The limitations of first-person point of view are effective for all the same reasons as with third-person limited. In addition, a first-person narrative basically casts the reader as the confidante of the main character. This can lead to compelling characterization grounded in subjective reality. That is, the world as a character sees it versus the world as it really is. This, in turn, can lead to an unreliable narrator—but we’ll talk about that in another post.
In a lot of ways, third-person objective is the opposite of first-person. This is true by virtue of its different pronouns (any third-person voice relies on “he” and “she” versus first-person’s “I” and “me”), and also in establishing that there is an objective reality to the world. Yet third-person objective is also one of the most limited perspectives because unlike third-person limited, the author has no access to the internal experiences of any of their characters—not even the protagonist. In a third-person objective story, the only insight into character you get comes from what they say and do. That is, through showing rather than telling.
And showing versus telling is one of the most important components of effective writing. Of course, that applies to all points of view, including those more frequently used—third-person objective is more common in short stories and films than in full-length novels—but if the strength of your story is in watching your characters from a bird’s-eye view, then the limits of third-person objective give you something no other perspective can.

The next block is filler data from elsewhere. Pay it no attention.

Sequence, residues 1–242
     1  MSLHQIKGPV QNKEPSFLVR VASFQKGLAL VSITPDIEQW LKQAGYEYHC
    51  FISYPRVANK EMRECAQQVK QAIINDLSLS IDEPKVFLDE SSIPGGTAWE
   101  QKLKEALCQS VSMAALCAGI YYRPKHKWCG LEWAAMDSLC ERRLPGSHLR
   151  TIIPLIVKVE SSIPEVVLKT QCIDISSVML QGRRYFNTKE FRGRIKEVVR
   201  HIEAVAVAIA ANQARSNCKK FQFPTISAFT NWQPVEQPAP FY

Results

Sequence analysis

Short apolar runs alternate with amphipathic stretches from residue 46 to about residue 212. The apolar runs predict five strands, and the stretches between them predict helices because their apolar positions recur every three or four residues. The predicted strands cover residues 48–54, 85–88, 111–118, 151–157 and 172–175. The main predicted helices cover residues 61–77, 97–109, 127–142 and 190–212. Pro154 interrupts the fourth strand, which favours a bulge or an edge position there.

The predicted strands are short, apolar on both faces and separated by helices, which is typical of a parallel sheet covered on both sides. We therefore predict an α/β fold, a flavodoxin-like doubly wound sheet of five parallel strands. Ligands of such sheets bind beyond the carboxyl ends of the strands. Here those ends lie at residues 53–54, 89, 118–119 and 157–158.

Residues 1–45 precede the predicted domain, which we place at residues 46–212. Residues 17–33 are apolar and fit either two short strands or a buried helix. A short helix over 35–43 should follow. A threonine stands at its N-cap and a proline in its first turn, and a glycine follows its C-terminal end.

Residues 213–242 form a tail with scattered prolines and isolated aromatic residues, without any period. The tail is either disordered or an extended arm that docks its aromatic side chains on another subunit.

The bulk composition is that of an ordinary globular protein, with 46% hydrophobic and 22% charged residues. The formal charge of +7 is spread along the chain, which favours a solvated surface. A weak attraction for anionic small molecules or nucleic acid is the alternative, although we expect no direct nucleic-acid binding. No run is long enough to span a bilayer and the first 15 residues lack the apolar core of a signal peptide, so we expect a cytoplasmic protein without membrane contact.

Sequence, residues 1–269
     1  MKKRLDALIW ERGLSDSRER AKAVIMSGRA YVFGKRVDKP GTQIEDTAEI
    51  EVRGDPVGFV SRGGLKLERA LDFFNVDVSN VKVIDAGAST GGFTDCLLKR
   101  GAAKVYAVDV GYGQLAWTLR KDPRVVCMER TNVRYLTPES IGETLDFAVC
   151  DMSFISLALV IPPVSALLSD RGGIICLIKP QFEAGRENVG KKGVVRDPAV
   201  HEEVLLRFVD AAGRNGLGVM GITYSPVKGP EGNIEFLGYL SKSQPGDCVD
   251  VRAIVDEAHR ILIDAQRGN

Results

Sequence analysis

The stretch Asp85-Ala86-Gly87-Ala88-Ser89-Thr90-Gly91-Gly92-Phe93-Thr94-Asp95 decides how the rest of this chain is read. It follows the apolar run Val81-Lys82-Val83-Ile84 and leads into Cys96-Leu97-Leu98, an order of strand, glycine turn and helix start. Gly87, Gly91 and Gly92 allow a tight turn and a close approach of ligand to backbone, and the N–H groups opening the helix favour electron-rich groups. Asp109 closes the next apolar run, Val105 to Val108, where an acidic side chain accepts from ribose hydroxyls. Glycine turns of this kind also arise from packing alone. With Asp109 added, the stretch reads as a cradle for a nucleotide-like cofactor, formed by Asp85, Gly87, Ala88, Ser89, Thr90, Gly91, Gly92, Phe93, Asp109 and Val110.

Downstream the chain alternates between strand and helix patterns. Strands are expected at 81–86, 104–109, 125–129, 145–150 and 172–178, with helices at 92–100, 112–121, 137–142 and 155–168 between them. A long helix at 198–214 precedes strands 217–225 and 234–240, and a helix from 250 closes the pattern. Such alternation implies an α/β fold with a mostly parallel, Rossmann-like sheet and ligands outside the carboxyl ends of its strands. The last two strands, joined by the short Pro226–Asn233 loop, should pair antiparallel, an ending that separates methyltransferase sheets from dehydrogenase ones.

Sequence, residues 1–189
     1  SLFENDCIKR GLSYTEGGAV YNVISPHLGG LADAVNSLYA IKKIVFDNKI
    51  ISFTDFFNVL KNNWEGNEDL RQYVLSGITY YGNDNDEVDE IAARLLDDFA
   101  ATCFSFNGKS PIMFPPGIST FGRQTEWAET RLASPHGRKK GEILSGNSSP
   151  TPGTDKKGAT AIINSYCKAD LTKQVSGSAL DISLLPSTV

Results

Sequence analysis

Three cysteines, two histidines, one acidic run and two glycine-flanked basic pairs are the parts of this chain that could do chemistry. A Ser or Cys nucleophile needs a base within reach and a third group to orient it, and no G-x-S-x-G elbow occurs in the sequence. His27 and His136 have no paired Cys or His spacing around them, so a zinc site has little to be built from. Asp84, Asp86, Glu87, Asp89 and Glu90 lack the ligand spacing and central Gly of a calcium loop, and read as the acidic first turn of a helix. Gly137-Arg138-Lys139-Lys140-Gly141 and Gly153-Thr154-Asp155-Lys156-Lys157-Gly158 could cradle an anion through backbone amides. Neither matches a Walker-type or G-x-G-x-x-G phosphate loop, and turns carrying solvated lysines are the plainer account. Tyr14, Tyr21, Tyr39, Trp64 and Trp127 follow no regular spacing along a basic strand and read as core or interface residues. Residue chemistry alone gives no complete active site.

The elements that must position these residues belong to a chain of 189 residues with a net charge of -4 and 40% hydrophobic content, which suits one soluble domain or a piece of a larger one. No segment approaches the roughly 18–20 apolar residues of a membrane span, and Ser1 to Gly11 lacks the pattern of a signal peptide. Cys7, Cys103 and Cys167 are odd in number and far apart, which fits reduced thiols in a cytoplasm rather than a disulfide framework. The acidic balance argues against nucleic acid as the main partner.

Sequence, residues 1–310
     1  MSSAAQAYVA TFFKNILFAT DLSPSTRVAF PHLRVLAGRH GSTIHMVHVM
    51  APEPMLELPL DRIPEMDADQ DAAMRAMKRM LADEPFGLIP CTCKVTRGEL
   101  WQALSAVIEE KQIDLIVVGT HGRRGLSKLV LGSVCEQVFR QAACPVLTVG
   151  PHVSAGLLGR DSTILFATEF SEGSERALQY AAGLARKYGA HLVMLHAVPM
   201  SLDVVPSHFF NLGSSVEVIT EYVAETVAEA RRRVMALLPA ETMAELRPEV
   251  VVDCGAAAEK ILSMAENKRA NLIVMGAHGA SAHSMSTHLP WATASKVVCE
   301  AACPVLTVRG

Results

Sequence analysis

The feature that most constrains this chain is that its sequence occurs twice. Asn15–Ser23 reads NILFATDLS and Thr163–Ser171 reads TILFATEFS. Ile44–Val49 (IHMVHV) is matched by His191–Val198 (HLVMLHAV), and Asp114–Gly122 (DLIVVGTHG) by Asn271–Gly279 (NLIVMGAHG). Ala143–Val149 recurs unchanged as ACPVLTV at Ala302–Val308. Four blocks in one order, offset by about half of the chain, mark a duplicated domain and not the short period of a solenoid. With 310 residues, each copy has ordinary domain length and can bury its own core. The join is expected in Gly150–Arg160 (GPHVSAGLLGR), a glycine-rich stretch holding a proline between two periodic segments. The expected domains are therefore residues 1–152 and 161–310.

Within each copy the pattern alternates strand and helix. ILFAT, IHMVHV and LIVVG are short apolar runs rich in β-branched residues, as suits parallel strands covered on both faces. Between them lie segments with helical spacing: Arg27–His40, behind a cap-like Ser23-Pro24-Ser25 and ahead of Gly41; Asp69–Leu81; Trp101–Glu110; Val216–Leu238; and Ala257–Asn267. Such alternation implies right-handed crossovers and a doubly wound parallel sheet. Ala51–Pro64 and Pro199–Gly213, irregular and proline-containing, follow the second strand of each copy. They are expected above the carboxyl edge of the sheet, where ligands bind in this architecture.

Considerations for Limited Point of View
The particular way in which limitations help your story depends entirely on what story you’re trying to tell. But here are some questions that may help:
- Whose perspective do you need? And whose could your story survive without?
- Did you base your story in subjective or objective reality? Do you want your reader to experience a character’s world or the real world?
- In any given scene, what character is most significant?
As the author of your world, you have the power to do anything you want. But just like with the patron of that all-you-can-eat buffet, you need to choose wisely. Much of POV is learning to limit your narrative’s scope to find the story you truly want to tell.
In the weeks to come, we’ll learn more about the significance of point of view in fiction (don’t miss the second installment in this series on POV, How to Choose the Best POV for Your Story’s Purpose). For now, though, I want to hear about the most important point of view you’ve ever cut from a story. What led to that decision? How did it change your narrative? Let me know in the Comments section below!
Harrison Demchick came up in the world of small press publishing, working along the way on more than two dozen published novels and memoirs, several of which have been optioned for film. He is an award-winning, twice-optioned screenwriter, and the author of literary horror novel The Listeners. He’s part of The Writer’s Ally team as a developmental editor of fiction and memoir, for which he’s currently accepting new clients.